Dr CGS: I still can't decipher the Japanese connect of Rajinikanth fandom and the success of a film like Muthu there. Or, is it just an industry mirage?
I am equally puzzled, because Muthu being translated as Dancing Maharaja and becoming a blockbuster there, I just don't know what happened there. I can understand if Enthiran or one of his older, dramatic films become a hit there. Sometimes, I feel that when I go to a film festival, people come and ask me if I am from India and if I know Shah Rukh Khan. One point of me will be a little annoyed and think, 'Oh you think we just make these big commercial films.' But another part of me over time has slowly begun to realise that it is actually great because whether it is Germany or Japan, even their entertainment is very focussed in genre. So when they see our big, mass commercial films, they are thrilled. There's songs, dance, comedy and colorful stuff happening everywhere and they love that. For them, it is hugely different and I think that becomes an attraction.
Rajinists: I read somewhere, "Kamal can do what Rajini does but Rajini cannot do what Kamal does." I am a Rajini fan and love his mass films but he has also proved his acting skills with films like Mullum Malarum. Your opinion?
First of all, I don't think Kamal Haasan can do what Rajini does. They are very different performers. I think people sometimes restrict acting to a very narrow definition of can he cry convincingly or can he dance etc. If you ask me if Rajini can act in Sagara Sangamam, no, he definitely cannot because he is not a good dancer and there are certain things about that role which he can not do. But, by the same factor if you ask me if Kamal can pull off Baasha convincingly, I don't think so because there is a certain swagger element which comes along with the territory and people somehow dismiss that off as not acting. That is a kind of thing you own in front of the camera. People equate only dramatic acting with acting, but comic acting, stylish acting are all not considered acting. You cannot just consider Mahanadhi as the only style of acting. There are various styles of acting, and Rajini comes with his own brand of acting.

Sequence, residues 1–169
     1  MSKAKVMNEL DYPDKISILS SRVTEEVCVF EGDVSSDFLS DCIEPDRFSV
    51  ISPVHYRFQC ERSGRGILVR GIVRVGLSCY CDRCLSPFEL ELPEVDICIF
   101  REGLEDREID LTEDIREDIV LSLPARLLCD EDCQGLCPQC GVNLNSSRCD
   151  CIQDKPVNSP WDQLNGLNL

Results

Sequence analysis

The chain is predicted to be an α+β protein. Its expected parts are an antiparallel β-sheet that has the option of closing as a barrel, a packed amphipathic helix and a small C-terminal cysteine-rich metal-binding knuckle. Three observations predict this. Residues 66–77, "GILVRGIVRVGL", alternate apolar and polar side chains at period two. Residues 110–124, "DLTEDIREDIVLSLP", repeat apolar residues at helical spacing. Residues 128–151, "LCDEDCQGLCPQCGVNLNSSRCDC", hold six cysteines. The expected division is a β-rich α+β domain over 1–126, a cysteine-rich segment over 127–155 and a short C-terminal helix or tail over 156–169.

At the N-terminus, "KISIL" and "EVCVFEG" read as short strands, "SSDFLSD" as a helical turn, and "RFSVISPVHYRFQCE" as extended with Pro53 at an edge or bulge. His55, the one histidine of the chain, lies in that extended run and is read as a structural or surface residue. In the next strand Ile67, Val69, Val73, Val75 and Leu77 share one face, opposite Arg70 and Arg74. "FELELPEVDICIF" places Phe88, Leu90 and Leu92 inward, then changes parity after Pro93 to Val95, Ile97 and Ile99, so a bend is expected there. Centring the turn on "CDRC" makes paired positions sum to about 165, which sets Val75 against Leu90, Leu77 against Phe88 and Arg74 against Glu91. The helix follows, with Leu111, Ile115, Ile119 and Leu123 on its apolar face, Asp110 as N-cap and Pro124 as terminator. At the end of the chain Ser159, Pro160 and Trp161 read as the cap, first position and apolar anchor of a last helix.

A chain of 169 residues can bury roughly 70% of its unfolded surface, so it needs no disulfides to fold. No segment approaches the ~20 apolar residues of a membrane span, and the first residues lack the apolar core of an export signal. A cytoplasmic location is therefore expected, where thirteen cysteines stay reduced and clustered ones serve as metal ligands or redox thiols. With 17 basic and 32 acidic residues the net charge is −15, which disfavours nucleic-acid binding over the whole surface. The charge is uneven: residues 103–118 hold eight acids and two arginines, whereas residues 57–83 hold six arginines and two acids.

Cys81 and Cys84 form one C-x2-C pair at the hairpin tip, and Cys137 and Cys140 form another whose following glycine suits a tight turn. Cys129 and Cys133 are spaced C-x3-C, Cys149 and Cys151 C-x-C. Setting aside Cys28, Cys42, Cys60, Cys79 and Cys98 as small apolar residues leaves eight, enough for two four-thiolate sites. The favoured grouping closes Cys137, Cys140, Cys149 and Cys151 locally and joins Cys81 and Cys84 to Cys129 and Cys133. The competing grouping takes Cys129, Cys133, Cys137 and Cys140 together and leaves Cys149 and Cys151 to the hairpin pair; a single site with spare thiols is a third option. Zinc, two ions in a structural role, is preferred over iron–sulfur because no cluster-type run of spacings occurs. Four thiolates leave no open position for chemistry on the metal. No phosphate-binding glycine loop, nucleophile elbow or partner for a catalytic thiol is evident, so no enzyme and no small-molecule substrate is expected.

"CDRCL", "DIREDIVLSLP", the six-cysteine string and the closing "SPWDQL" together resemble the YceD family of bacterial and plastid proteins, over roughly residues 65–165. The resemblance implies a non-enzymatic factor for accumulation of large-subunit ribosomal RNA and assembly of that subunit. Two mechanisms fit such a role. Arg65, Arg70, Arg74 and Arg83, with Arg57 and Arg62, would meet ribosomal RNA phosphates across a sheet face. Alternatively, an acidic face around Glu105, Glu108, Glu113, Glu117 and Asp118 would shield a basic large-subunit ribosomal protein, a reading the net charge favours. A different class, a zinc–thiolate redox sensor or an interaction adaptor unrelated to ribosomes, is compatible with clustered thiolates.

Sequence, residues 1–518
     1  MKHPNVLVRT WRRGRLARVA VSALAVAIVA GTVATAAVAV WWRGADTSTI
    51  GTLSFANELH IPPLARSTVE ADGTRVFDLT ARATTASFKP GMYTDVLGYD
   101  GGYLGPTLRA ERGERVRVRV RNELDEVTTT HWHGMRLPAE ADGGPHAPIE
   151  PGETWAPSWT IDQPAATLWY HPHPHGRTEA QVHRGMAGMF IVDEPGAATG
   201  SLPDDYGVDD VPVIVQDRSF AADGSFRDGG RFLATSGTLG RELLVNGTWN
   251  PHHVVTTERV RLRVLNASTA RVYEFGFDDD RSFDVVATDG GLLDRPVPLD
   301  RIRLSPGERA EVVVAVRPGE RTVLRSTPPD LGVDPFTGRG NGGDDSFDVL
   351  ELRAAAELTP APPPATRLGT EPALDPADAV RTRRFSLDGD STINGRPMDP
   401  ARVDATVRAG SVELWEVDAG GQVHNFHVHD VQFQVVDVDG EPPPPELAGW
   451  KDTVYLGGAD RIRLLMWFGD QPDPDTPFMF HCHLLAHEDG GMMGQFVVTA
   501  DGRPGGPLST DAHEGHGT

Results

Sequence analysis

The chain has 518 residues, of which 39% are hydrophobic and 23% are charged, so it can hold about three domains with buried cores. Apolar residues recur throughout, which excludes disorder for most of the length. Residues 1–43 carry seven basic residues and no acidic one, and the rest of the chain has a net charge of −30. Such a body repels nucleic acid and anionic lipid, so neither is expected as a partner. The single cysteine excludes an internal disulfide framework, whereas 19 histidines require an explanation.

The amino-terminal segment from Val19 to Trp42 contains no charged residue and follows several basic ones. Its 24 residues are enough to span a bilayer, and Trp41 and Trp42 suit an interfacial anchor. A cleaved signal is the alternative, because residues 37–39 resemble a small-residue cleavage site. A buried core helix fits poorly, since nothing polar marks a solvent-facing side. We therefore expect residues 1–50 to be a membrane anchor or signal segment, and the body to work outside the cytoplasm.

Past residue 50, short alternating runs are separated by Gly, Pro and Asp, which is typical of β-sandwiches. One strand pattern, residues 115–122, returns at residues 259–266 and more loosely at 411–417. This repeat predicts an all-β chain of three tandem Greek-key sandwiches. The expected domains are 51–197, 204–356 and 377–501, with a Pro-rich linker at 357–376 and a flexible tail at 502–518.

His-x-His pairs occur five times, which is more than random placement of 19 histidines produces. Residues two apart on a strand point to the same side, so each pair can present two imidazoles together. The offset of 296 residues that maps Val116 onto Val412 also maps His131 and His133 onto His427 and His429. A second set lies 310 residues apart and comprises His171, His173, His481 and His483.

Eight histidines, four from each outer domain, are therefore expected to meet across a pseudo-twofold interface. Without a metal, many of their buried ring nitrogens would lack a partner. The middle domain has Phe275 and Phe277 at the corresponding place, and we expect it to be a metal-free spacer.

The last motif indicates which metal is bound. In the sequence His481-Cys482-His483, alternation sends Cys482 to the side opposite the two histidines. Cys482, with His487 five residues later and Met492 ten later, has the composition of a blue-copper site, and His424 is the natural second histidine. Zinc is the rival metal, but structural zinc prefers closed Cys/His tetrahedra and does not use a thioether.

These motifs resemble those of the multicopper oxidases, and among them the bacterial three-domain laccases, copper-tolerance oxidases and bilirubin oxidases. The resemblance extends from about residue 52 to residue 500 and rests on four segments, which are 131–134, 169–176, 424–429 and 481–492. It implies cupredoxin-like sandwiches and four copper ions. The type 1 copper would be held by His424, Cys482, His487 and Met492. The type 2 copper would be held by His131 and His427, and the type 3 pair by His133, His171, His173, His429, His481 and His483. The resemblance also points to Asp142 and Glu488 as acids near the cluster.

Sai Vikneshwar Mani Jayaraman: What are some of the 'so bad, it's good' Rajini films you like?
I'll say Paayum Puli, because that movie came about at the height of the Kung-Fu movie phase. Movies like The 36th Chamber of Shaolin were becoming big hits in Chennai, so AVM decided to do that kind of a film with a training montage and such stuff. But I think even then it is not just a guilty pleasure because Ilaiyaraaja was Ilaiyaraaja and we got songs like 'Pothukkittu Oothuthadi' and 'Appakada Annakili' and it was fantastic to just see and hear these songs on big screens. I also think a lot of films that Rajinikanth did that were based on Amitabh's movies also fall into this category. They are kind of adapted to a Tamil sensibility and are half-real, half-fantasy films. I think for every actor in the 70s and 80s, you kind of end up with a bunch of films that you look back at fondly because they are kind of gloriously trashy as opposed to the current-day films that are just trashy and have no redeeming factors.
T Abhishek Balaji: Which is your favourite Rajini punchline?
I am going to go with 'Ithu Eppadi irukku?', because it is one of the funniest Rajini scenes and he does it beautifully. In 16 Vayathinile, the first time he sees Sridevi who is Ganthimathi's daughter, his friend asks if that is Ganthimathi's daughter. And it turns out that Sridevi is wearing a dhavani and Rajini looks at the cart where she and her mother are standing and then imagines Ganthimathi wearing the dhavani. He says, "Ava aatha dhavani pottalum nalla thaan irukum." and then he says, "Ithu Eppadi irukku." I really like that punchline.
Tarun: Will there be another star who can achieve pan-India stardom like Rajinikanth?
I am not talking about pan-India stardom, but I don't think the Rajini kind of stardom can be achieved by anyone. Simply because the audience has become fragmented and the kind of films that people watch are all over the place.